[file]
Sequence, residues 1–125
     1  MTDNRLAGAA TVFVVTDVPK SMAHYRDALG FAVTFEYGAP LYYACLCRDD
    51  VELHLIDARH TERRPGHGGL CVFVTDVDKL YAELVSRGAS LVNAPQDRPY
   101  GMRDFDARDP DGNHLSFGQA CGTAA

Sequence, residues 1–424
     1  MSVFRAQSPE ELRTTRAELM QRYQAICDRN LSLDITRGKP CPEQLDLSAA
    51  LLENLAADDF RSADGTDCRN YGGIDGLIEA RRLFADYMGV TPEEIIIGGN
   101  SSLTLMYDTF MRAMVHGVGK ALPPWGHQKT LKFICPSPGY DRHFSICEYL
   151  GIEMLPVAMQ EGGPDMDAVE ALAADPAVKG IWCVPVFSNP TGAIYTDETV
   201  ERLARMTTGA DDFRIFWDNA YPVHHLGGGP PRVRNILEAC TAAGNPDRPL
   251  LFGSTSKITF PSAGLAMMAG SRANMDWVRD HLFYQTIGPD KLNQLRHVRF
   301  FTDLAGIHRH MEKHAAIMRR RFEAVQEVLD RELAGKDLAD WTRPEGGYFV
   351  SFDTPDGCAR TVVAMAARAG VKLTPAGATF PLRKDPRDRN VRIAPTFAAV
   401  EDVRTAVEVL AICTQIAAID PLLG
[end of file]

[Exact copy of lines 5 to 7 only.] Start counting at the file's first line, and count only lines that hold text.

Sequence, residues 1–424
     1  MSVFRAQSPE ELRTTRAELM QRYQAICDRN LSLDITRGKP CPEQLDLSAA
    51  LLENLAADDF RSADGTDCRN YGGIDGLIEA RRLFADYMGV TPEEIIIGGN